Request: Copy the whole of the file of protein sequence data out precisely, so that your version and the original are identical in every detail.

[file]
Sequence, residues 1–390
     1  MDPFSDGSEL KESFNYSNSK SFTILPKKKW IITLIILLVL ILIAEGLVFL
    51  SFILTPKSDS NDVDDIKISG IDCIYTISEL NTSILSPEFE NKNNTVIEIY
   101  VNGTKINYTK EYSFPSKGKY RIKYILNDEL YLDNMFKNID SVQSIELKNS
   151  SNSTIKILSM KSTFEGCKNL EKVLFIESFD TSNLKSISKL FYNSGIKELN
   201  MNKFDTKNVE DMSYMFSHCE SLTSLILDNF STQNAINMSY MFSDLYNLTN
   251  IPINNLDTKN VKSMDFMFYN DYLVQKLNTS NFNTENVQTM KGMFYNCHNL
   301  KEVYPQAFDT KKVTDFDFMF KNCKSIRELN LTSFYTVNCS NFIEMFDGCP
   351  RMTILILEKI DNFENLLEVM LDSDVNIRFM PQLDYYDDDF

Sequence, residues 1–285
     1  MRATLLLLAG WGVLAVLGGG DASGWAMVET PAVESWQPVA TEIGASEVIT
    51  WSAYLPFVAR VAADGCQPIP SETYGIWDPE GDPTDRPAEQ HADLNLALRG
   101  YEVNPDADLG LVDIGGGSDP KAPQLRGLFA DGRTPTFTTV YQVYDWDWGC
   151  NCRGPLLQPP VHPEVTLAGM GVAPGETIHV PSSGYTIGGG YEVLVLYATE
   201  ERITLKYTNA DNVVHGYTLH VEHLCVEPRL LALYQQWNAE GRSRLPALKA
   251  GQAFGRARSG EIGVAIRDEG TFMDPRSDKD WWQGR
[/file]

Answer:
Sequence, residues 1–390
     1  MDPFSDGSEL KESFNYSNSK SFTILPKKKW IITLIILLVL ILIAEGLVFL
    51  SFILTPKSDS NDVDDIKISG IDCIYTISEL NTSILSPEFE NKNNTVIEIY
   101  VNGTKINYTK EYSFPSKGKY RIKYILNDEL YLDNMFKNID SVQSIELKNS
   151  SNSTIKILSM KSTFEGCKNL EKVLFIESFD TSNLKSISKL FYNSGIKELN
   201  MNKFDTKNVE DMSYMFSHCE SLTSLILDNF STQNAINMSY MFSDLYNLTN
   251  IPINNLDTKN VKSMDFMFYN DYLVQKLNTS NFNTENVQTM KGMFYNCHNL
   301  KEVYPQAFDT KKVTDFDFMF KNCKSIRELN LTSFYTVNCS NFIEMFDGCP
   351  RMTILILEKI DNFENLLEVM LDSDVNIRFM PQLDYYDDDF

Sequence, residues 1–285
     1  MRATLLLLAG WGVLAVLGGG DASGWAMVET PAVESWQPVA TEIGASEVIT
    51  WSAYLPFVAR VAADGCQPIP SETYGIWDPE GDPTDRPAEQ HADLNLALRG
   101  YEVNPDADLG LVDIGGGSDP KAPQLRGLFA DGRTPTFTTV YQVYDWDWGC
   151  NCRGPLLQPP VHPEVTLAGM GVAPGETIHV PSSGYTIGGG YEVLVLYATE
   201  ERITLKYTNA DNVVHGYTLH VEHLCVEPRL LALYQQWNAE GRSRLPALKA
   251  GQAFGRARSG EIGVAIRDEG TFMDPRSDKD WWQGR